Light and the Brain
I have a full-spectrum light I use in the winter to fend off depressed mood. It works like a charm. 20 minutes a day and I’m good to go. I soak up my daily 10,000 lux from my light starting around October and continuing until April or so. It sure seems to work, though the possibility that it’s a placebo can’t be ruled out.
But this post on the BPS blog summarizing some findings on the effect light has on the brain suggests something interesting is happening when the brain gets a big shot of lux-ious goodness:
Twenty minutes of bright white light delays sleepiness, and sends a stimulating wave through the brain, enhancing neural activity even during tasks that have nothing to do with vision.
Gilles Vandewalle and colleagues used an optic fibre to shine bright white light into either the left or right eye of 19 participants, and then left them to sit in the dark. For most of the participants, the light exposure delayed the onset of self-reported sleepiness. Brain imaging showed this sustained alertness was related to altered activity in the thalamus, a structure buried deep in the brain.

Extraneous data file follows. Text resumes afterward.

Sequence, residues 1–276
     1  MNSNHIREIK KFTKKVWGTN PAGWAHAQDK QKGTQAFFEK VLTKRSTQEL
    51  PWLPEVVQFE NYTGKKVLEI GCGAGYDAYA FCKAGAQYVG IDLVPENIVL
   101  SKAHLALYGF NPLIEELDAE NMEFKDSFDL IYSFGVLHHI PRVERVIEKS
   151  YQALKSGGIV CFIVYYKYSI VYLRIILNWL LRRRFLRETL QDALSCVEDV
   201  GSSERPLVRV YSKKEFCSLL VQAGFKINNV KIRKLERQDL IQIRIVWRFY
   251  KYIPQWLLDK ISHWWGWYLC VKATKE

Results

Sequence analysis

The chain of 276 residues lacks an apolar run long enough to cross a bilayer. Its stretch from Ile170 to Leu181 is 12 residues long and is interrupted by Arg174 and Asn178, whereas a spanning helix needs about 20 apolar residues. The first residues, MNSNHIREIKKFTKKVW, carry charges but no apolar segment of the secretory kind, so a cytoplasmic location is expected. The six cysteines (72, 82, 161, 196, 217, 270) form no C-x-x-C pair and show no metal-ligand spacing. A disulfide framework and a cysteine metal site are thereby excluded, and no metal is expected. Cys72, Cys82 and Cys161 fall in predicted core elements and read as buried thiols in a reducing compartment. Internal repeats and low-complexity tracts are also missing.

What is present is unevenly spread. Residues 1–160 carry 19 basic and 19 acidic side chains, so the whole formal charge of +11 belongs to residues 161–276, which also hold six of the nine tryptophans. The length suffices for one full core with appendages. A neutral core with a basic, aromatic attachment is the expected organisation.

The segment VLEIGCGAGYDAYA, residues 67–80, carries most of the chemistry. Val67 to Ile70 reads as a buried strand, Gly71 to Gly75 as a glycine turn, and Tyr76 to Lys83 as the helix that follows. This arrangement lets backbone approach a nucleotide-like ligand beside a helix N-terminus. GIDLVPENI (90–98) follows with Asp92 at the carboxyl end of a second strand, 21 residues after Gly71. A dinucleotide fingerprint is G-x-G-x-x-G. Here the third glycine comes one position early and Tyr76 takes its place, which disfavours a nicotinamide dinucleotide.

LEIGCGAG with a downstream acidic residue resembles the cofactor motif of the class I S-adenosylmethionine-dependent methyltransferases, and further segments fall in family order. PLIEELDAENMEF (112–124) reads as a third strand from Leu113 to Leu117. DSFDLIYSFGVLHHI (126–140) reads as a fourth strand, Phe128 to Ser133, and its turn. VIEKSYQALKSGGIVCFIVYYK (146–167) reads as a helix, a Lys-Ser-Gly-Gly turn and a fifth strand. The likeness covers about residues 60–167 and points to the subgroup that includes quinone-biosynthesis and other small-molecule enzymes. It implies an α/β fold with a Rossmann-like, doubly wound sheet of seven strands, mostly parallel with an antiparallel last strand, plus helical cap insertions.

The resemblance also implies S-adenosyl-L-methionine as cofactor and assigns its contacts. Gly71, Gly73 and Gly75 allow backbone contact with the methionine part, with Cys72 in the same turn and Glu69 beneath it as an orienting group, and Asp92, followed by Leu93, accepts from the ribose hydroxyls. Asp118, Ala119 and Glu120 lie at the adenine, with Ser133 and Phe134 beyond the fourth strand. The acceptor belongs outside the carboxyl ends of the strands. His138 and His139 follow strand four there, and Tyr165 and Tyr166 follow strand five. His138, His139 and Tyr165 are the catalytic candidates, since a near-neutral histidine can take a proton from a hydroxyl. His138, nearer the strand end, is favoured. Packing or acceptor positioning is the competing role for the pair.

Brain imaging also showed the light enhanced the activity of brain regions engaged when the participants subsequently completed an auditory oddball task in the dark (i.e. listen out for odd tones that don’t match all the others). These regions included areas at the front and back of the brain known to be involved in paying attention.
Cite: Vandewalle, G., Balteau, E., Philips, C., Degueldre, C., Moreau, V., Sterpenich, V., Albouy, G., Darsaud, A., Desseilles, M., Dang-Vu, T.T., Peigneux, P., Luxen, A., Dijk, D-J. & Maquet, P. (2006). Daytime light exposure dynamically enhances brain responses. Current Biology, 16, 1616-1621.